Now the LPs make their return in 2019 (inspired by Marv's post of the Score LP) complete with brand new Be Bop Wino standard cover scans. Same sound files, though. It's a good listen - Aladdin never did quite come to terms with the rock'n roll revolution in my opinion as they lacked the big star which some of the other indy labels had, e.g. Little Richard at Specialty, Fats Domino and Ricky Nelson at Imperial, Chuck Berry at Chess, The Drifters, Ray Charles, Chuck Willis and others at Atlantic. Nevertheless Aladdin put out some good rock and roll material before being taken over by Imperial.

This comp was also my introduction to Calvin Boze whose Louis Jordan style jumpin' jive seems somewhat out of place here. The same can be said in spades for Amos Milburn's "Bow Wow" which is a rather chaotic instrumental first released as the B-Side of "Let's Make Christmas Merry, Baby" in 1949. What on Earth is it doing on this album? It sounds like it's been beamed in from another planet or even another galaxy.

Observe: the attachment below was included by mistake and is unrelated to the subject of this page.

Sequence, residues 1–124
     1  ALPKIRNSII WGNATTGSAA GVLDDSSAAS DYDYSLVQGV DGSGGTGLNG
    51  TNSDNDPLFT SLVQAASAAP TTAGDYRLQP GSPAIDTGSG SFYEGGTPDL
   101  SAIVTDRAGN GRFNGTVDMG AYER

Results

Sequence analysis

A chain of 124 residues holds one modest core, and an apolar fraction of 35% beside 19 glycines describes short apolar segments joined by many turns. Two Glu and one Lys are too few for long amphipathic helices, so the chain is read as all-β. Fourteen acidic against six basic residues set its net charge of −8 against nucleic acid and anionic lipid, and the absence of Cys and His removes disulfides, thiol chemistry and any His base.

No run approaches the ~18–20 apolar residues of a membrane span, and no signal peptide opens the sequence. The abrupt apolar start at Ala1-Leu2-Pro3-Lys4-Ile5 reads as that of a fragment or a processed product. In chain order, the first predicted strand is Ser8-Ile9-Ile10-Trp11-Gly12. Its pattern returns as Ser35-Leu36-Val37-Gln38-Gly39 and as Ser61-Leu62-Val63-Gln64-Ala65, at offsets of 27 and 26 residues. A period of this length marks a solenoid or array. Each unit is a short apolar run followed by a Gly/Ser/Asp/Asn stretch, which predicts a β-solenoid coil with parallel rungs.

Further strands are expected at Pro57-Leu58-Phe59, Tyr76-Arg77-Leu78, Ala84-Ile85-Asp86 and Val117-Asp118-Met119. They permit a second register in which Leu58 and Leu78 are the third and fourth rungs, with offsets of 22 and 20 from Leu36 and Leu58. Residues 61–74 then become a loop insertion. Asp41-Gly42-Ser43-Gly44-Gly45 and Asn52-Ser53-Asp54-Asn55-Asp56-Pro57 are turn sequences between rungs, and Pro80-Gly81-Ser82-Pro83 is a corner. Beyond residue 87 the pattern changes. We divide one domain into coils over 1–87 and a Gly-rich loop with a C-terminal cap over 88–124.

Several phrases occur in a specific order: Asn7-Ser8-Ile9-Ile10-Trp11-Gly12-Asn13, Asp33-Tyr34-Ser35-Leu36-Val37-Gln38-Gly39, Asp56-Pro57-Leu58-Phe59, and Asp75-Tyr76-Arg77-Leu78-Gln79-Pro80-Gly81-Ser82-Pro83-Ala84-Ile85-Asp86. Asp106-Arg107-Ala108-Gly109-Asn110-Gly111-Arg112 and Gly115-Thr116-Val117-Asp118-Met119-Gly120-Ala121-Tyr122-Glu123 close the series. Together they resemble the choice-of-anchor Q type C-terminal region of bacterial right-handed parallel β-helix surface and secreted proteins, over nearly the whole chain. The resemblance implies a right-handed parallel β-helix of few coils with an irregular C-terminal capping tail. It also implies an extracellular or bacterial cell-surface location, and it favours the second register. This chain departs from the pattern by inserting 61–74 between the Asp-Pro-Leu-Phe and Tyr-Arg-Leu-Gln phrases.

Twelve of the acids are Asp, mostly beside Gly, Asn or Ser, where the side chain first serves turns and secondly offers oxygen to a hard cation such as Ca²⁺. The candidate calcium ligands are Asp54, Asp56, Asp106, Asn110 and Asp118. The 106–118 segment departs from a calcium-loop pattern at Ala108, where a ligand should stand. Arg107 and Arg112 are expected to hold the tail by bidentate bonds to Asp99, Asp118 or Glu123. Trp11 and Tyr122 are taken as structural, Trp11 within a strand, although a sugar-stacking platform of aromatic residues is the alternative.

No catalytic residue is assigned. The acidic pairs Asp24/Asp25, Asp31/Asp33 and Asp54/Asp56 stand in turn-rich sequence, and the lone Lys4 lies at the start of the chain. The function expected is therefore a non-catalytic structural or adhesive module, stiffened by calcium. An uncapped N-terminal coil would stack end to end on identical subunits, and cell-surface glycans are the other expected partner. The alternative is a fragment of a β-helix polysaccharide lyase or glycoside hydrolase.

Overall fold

Original Issue Details

Wilbur Whitfield And The Pleasers - P.B. Baby / The One I Love - Aladdin 3381 - May 1957

Thurston Harris - I'm Out To Getcha' / Be Baba Leba - Aladdin 3415 - March 1958

Thurston Harris - Purple Stew / I Hear A Rhapsody (Thurston Harris and The Masters, Rufus Hunter featured vocalist) - Aladdin 3440 - November 1958

Thurston Harris - Bless Your Heart / Runk Bunk - Aladdin 3452 - April 1959

Shirley & Lee - The Flirt / Rockin' With The Clock - Aladdin 3390 - August 1957

Calvin Boze - My Friend Told Me / Hey Lawdie, Miss Claudie - Aladdin 3122 - February 1952

Calvin Boze - Keep Your Nose Out Of My Business / Good Time Sue - Aladdin 3132 - May 1952